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Enargite-luzonite hydrothermal vents in Manus Back-Arc Basin: Submarine analogues of high-sulfidation epithermal mineralization

Type of publication Peer-reviewed
Publikationsform Original article (peer-reviewed)
Publication date 2016
Author Dekov Vesselin, Rouxel Olivier, Kouzmanov Kalin, Bindi Luca, Asael Dan, Fouquet Yves, Etoubleau Joël, Burgaud Gaëtan, Wälle Markus,
Project Chemistry and P-T of fluids trapped in co-genetic opaque ore and transparent gangue minerals: What are the real ore-precipitating fluids?
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Original article (peer-reviewed)

Journal Chemical Geology
Volume (Issue) 438
Page(s) 36 - 57
Title of proceedings Chemical Geology
DOI 10.1016/j.chemgeo.2016.05.021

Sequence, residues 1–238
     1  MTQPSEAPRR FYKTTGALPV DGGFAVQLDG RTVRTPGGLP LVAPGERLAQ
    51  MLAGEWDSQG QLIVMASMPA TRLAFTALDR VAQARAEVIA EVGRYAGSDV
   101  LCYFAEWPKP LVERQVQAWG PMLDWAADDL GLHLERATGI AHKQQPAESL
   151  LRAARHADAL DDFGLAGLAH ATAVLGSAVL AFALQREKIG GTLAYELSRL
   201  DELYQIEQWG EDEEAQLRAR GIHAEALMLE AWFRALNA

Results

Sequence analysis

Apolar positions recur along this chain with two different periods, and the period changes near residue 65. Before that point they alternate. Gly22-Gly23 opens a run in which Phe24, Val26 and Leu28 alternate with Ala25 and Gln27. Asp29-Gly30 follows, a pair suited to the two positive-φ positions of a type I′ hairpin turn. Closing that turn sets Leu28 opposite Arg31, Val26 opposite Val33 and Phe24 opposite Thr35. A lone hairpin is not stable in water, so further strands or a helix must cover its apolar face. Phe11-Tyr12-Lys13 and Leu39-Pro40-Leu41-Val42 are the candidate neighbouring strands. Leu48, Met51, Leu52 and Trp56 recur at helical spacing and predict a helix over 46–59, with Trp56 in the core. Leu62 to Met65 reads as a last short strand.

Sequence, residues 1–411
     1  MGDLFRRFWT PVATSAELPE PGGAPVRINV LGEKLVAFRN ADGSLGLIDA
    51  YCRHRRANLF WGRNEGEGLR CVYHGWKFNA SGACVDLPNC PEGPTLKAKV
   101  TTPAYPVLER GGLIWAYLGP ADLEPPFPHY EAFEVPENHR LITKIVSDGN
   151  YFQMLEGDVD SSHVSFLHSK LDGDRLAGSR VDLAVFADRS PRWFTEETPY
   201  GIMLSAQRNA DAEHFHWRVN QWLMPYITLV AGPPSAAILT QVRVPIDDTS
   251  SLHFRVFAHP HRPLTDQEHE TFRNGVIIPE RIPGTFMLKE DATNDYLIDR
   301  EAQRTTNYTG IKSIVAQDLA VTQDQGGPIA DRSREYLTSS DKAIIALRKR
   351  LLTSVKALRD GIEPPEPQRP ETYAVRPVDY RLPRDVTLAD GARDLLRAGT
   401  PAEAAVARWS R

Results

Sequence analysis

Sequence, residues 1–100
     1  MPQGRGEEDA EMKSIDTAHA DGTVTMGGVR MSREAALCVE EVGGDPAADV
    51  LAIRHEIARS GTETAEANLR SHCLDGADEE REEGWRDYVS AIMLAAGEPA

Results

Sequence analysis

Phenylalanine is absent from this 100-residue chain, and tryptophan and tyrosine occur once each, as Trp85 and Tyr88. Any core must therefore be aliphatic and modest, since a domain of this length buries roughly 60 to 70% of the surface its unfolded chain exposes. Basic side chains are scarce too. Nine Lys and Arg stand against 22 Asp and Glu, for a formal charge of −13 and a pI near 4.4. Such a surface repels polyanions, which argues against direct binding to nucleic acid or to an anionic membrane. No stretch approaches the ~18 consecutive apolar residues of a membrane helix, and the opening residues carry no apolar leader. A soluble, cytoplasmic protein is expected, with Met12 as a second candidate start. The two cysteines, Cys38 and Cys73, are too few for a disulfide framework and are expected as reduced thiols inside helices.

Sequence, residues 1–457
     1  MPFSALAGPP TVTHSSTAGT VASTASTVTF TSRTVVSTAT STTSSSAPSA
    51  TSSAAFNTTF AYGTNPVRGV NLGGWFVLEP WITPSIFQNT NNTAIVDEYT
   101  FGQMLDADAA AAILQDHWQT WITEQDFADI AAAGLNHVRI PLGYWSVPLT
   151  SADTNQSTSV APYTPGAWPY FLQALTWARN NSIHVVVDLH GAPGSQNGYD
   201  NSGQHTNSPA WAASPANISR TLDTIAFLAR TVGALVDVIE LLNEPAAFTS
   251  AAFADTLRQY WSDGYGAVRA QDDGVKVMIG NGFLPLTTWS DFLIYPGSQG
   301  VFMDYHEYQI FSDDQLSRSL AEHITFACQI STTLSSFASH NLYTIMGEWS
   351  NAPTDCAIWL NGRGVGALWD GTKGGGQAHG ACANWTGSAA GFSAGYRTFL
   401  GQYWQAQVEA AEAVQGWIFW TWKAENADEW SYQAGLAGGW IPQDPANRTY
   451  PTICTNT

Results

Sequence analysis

Active and inactive hydrothermal chimneys composed almost entirely of enargite and luzonite, rare minerals in seafloor hydrothermal deposits, were found at the summits of two submarine volcanoes, North Su and Kaia Natai, in the Manus Back-Arc Basin. Detailed mineralogical and geochemical studies revealed that most probably these deposits precipitated at T = 200°–330 °C and high fS2. The negative δ34S values (−8.58 to −3.70‰)ofthe enargite-luzonite are best explained by disproportionation reactions of magmatic SO2 and suggest that the high fS2 is likely provided by direct magmatic input of SO2 into the hydrothermal system. Fractionation of Cu sta-ble isotopes during the precipitation of enargite-luzonite (δ65Cu ranges from −0.20 to +0.35‰)isinferredtobe associated with either Rayleigh-type fractionation, or redox processes (Cu+ oxidation to Cu2+) and the mass bal-ance of dissolved Cu+ and Cu2+ species in the hydrothermal fluid. The trace element composition of enargite and luzonite indicates a temporal fluctuation of the chemistry of the ore-forming fluid with an increase of Fe, Ga, Tl, Au, Hg, Pb and Ag, and decrease of Sb, Sn, Te, Ge and V concentrations with time and points out that this type of deposits is the richest in Au (average 11.9 ppm) and Te (average 169 ppm) among all other types of seafloor metal deposits. In addition to the widespread inorganic precipitation of enargite and luzonite in this setting, there is evidence that this mineralization may be biogenically mediated on the external surfaces of the active vents. Fungi-like fil-aments mineralized by luzonite imply that the fungi (Dikarya subkingdom) may be implicated in a mechanism of bio-sequestration of As, S and Cu, and provide the initial substrate for luzonite precipitation. The studied enargite-luzonite deposits have characteristics similar to those of subaerial high-sulfidation epithermal mineralization: back-arc basin setting; acid-sulfate and boiling ore-forming fluids; altered (advanced argillic stage) dacitic host rocks; major enargite-luzonite and minor pyrite, barite and S0; δ34S b 0‰. Therefore, they may be considered as submarine analogues of subaerial high-sulfidation epithermal deposits with the po-tential for concealed porphyry Cu(\\Au) mineralization at depth.